The Lessons of History Paperback – Feb 16 2010
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From Library Journal
This series of 13 essays on the themes and underlying lessons of history was originally written as part of the authors' 11-volume The Story of Civilization (1935-75). The Durants begin by summarizing periods and trends in history. They examine morals and draw conclusions by looking into changes in economics, politics, military customs, and even geographic location. Russ Holcomb reads these essays in a clear, pleasant voice, bringing life and interest to this brief overview of 5000 years of history. For general collections.
Miriam Kahn, Columbus, Ohio
Copyright 1994 Reed Business Information, Inc. --This text refers to the Audio Cassette edition.
"The Durants' masterpiece belongs in any home library and occupies a shelf in many."
--Dana D. Kelley, Arkansas Democrat-Gazette
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Top Customer Reviews
The Durant team make it very clear, that the same issues that bedeviled previous generations, are the exact same set of current contentions. This is what makes the book a great read. The reader is introduced to timeless themes, that every society will sooner or later confront.
The book is written is a straight forward and easy to read format. The Durant duo provide an outstanding introduction, to the events of world history. I give this book my highest endorsement.
Within this delightful book, one can view the enormous panorama of human civilization as it developed from, and was formed by, the matrices of geography, religion, science, war, and a host of other factors. The Durant's, in a writing style that should have been copyrighted, provide the reader with an engaging view of humanity that few readers will come away from without being touched and awed. To be sure, the Durant's works have had a few (very few) detractors, but they were almost entirely high-browed academics in narrow research areas who most likely envied them their commercial success. If I could give this synopsis of 100 centuries of history more than 5 stars I'd do it in a nanosecond.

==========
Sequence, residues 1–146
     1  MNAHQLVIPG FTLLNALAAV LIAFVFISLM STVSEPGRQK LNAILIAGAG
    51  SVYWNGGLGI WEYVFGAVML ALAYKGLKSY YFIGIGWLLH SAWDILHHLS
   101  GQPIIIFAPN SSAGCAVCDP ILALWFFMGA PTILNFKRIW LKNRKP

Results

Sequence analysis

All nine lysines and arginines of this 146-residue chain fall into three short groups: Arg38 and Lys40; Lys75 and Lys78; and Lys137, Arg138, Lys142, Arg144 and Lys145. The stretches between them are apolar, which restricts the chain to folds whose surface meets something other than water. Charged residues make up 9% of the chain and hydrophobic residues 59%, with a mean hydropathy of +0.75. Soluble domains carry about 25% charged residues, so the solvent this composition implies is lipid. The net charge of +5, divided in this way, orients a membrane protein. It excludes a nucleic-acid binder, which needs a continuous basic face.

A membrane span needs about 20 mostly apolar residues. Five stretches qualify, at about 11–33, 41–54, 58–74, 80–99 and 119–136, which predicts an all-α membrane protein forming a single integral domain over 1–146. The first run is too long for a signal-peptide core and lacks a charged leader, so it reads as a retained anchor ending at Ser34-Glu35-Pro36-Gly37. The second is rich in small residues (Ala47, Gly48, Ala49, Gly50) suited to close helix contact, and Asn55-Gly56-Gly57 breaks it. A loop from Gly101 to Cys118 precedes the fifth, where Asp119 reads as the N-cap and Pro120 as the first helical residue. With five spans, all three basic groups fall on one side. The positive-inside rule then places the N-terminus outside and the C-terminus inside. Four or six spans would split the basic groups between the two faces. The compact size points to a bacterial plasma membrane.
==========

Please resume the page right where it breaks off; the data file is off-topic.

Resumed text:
Moreover, this book covers other topics, all of them revolving around the "Human Predicament," which is basically a choice between freedom and security. Or better yet, actual freedom, and claimed security, since if you chose security over freedom, you will lose both freedom and security.
This book is an easy read, written on the high-school level, so there are no excuses for not understanding anything. It is an essential in anyone's collection of "Great Books," since not only is the unexamined life not worth living, the unexamined civilization is not worth preserving. And we can make a change in things.
Geography matters. Inequality is natural. Famine, pestilence, and war are Nature's way of balancing the population.
Birth control (or not) has *strategic* implications (e.g. see Catholic strategy versus US and Russian neglect of its replenishment among the higher social and economic classes).
History is color-blind. Morality is strength. Worth saying again: morality is strength.
See my various lists. This book, John Lewis Gaddis on "The Landscape of History", and Stewart Brand "The Clock of the Long Now" are among my "top ten of all time".
The Lessons of History consists of a number of short chapters, in which the Durants summarize what their study of history revealed on various themes, such as war, morals, government, religion, etc. Although certainly not a profound work, it contains a number of insights. For example, the discussion of the lineage of communism is quite interesting. On the other hand, the Durants strike me as having been moderately left of center, and some of their arguments in favor of government regulation of the economy don't convince me. They appear somewhat more conservative on morals, and there is a good discussion on how war negatively impacts traditional morality. The discussion of religion is somewhat ambiguous, perhaps reflecting Will Durant, who studied for the priesthood, became an atheist, and died an agnostic.
This work came out in 1968, and the Durants make a couple of predictions which didn't exactly come true. They argue that by 2000 the Roman Catholic Church will be politically dominant in the US. In addition, they expressed the commonplace idea in the 60s that the Soviet Union and the United States were coming closer together and would eventually meet in the middle.
Most recent customer reviews
One of the best books ever on summarizing historical events in general.
Great as a starting point to find areas of interest in history.
Clear, informative and courageous attempt to summarize volumes of history in 110 pages.Published 7 months ago by History Reader
This short volume was in one of my Amazon recommendations and I purchased it because, hey, who doesn't like summation-history with life lessons clearly laid out. Boy was I wrong. Read morePublished 15 months ago by Dr. Egypt